By James Ward, PA
The number of new apprenticeships available in Ireland each year is to double from 5,000 to 10,000 by 2025.
A new five-year plan by the Department of Further and Higher Education aims to take the total number of apprentices from 20,000 currently to 30,000.
The plan announced on Monday also aims to increase gender diversity in apprenticeships, with 80% of courses currently dominated by men.
Further and Higher Education Minister Simon Harris said the plan is a “crucial part of our ambition to reform the third level service in Ireland.”
This Plan has the potential to transform part of our third level system. Apprenticeship is good for the learner and the employer. pic.twitter.com/CdcQCHjZ2G
— Department of Further and Higher Education (@DeptofFHed) April 19, 2021
He said: “This plan is part of a system change and a culture change that needs to take place in our country when it comes to third level.
“We need to provide flexible routes and alternative routes for people to get to where they want to get to in life.
“Gone must be the day of ‘this is the right way to do it and this is the wrong way’. There is no right way, there is no wrong way.
“It’s about providing as many different pathways, as many different options as possible for people, because different things will work for different people.”
Mr Harris said there were just 26 female apprentices in Ireland in 2015, but that figure had increased to 1,017 by the end of 2020.
“We have a long way to go to make sure that apprenticeships are much more diverse,” he said.
He said he wants apprenticeships to move away from being seen as the “lesser option” compared with universities.
“This is one piece of the jigsaw, and it’s a broader jigsaw we’re putting together, where we’re trying to create for the very first time in Ireland, an integrated third-level system.
“Where further education, higher education, apprenticeships all work and slotting together and in quite a formal way.
“I would like to see the CEO form broadened so that a student in school can see all of their options.
“I think that’s where we’re going wrong be very honest, at 17 years of age or maybe 16 years of age, we’re narrowing the conversation way too much.”
Financial incentives are to be offered to companies to employ female apprentices where the current workforce is 80% male or above.
A new National Apprenticeship Office is to be established to drive the reforms.
A new grant system will be set up for employers, with top-up grants available for targeted recruitment of minority groups, such as women, lone parents, the travelling community and people with disabilities.
Public sector employers will be given new targets in a bid to increase the number of apprentices they hire from around 80 to 100 each year at present to 750 by 2025.
Cross border initiatives are also to be examined, as well as engagement in international programmes such as Erasmus.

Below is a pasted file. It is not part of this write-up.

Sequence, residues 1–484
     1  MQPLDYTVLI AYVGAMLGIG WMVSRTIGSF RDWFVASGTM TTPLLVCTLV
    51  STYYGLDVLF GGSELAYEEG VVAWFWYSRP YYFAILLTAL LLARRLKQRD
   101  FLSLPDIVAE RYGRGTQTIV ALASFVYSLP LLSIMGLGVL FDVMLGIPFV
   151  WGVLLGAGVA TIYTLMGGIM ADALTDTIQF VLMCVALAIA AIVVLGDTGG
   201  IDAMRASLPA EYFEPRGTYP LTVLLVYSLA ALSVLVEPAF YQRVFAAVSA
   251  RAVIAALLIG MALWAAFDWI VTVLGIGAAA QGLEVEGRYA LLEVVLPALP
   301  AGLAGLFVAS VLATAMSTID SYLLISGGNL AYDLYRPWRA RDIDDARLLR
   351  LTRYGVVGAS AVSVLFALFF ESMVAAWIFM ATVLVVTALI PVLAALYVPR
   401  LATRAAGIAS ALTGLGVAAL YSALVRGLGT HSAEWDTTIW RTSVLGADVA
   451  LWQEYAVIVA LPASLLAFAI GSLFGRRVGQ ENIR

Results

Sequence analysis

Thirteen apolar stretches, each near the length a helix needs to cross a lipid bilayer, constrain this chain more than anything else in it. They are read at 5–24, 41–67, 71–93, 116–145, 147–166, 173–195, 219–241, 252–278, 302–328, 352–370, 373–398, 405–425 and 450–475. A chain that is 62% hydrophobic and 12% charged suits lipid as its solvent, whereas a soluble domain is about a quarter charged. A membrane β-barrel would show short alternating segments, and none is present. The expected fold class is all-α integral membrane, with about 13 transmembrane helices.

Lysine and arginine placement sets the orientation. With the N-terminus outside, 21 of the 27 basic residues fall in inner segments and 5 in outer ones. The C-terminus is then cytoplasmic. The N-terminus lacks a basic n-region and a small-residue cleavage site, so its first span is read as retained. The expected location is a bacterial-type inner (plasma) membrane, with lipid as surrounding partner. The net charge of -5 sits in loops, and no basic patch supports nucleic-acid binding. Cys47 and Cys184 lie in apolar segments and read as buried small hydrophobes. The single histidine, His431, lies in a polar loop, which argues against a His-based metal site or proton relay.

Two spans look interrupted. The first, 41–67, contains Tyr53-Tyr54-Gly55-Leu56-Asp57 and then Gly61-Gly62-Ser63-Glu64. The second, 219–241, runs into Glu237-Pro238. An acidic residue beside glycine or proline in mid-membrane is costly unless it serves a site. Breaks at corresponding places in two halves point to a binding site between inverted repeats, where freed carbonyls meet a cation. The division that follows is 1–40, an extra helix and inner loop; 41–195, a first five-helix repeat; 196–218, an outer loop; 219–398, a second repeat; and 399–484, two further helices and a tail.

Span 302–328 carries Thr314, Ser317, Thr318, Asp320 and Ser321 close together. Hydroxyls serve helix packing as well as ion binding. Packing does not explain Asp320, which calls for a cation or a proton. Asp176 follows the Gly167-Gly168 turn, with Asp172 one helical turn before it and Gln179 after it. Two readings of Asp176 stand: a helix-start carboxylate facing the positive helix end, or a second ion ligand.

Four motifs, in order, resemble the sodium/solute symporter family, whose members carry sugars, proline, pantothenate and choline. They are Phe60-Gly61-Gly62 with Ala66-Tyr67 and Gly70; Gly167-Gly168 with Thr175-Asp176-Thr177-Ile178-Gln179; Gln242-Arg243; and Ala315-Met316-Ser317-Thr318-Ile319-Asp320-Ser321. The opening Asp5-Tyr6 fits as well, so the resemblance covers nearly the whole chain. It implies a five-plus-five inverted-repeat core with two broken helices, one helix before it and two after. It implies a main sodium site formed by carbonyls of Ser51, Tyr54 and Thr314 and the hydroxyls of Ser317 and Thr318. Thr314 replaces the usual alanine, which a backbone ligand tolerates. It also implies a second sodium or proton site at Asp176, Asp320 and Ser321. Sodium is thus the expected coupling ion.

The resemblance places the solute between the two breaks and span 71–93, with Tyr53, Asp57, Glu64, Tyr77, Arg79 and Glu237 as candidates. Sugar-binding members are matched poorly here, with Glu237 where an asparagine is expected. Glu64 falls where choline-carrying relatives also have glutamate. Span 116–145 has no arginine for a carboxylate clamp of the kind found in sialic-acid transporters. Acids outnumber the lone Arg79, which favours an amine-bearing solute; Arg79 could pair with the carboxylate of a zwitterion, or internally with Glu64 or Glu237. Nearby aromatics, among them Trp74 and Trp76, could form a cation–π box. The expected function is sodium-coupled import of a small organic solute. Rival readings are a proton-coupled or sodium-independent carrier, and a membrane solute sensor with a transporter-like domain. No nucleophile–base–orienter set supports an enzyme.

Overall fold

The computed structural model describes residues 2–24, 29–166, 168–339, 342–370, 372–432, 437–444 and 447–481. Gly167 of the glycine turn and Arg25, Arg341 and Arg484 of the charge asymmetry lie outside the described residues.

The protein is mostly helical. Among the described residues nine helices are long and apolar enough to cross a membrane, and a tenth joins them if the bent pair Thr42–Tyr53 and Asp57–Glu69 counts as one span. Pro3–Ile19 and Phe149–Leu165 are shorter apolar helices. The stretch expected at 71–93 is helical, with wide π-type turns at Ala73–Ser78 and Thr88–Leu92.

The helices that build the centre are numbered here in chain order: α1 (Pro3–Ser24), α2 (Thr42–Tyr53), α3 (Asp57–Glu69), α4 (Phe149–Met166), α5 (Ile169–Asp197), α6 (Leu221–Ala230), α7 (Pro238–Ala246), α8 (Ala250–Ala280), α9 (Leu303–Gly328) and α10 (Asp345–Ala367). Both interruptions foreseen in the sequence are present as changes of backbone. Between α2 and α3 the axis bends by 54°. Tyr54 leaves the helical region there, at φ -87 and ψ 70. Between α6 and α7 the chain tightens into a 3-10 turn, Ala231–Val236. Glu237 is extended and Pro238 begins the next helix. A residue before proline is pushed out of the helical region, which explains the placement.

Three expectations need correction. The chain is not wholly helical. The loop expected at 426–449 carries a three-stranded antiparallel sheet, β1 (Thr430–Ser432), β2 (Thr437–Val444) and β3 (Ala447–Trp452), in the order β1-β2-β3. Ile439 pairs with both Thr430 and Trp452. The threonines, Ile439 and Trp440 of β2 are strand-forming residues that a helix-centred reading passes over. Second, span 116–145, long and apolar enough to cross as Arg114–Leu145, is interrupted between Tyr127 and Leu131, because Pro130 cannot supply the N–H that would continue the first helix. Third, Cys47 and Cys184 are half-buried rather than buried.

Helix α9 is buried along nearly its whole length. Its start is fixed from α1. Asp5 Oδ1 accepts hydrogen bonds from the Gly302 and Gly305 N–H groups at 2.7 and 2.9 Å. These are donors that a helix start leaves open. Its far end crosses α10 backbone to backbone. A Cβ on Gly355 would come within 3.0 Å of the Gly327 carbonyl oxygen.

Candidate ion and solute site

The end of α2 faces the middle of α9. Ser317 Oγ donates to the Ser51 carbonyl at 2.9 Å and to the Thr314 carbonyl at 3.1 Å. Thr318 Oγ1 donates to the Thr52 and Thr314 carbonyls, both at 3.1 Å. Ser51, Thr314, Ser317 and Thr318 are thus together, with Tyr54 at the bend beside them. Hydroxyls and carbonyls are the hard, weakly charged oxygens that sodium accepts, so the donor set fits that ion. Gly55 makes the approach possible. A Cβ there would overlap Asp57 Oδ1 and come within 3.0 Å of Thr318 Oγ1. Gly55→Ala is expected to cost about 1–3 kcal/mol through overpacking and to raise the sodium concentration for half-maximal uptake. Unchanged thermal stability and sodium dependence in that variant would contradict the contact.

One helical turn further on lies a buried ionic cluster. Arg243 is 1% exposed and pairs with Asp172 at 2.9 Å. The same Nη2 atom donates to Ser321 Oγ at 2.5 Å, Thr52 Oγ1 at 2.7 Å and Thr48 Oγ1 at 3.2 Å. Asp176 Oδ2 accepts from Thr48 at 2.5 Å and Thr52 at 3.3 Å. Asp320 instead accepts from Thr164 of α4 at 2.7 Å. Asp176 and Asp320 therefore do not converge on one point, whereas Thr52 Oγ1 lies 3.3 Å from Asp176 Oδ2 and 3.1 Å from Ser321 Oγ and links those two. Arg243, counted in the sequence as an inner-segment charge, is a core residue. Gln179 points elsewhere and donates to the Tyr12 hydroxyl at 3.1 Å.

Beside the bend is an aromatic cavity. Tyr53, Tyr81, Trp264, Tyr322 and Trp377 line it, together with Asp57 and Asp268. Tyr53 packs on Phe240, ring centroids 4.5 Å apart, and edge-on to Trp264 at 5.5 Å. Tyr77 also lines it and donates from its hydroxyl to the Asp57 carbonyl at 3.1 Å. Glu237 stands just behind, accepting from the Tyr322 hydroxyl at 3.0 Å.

Junior Minister for Skills and Higher Education Niall Collins said: “This action plan is based on feedback from enterprise, the education and training sector and apprentices themselves.
“It builds on the apprenticeship system in Ireland, including the strong relationships between employers and the education and training sector and the established collaborative approach between the further and higher education sectors in managing and delivering apprenticeship.
“This plan will make it easier for employers and apprentices to engage with apprenticeship, supporting and driving innovation in the workplace through responsive and topical programmes.”
Ibec welcomes the launch of the Action Plan for Apprenticeship 2021 -2025 from Government.
Apprenticeship programmes can be truly transformative for learners, for business, and for Ireland as we aim to prioritise investment in people, skills and talent. pic.twitter.com/Wi0BeJqe7q
— Ibec (@ibec_irl) April 19, 2021
The plan has been welcomed by business group Ibec and Youth Work Ireland.
“Apprenticeship programmes can be truly transformative for learners, for business, and for Ireland as we aim to prioritise investment in people, skills and talent,” an Ibec statement said.
Youth Work Ireland spokesman Michael McLoughlin said: “Apprenticeship has been a great route for young people in to stable and rewarding employment for years.
“It is a key instrument for many who do not want to go to other third-level colleges. These are critical routes in an education system which is so focussed on the points race and third-level colleges.
“There are a number of other routes that need to be highlighted and can serve young people well.
“We also need to communicate that apprenticeships have moved well beyond the traditional ‘trades’ and there a whole range of other areas in new economic areas where apprenticeships are available such as media, finance. Pharma, ICT and many more.”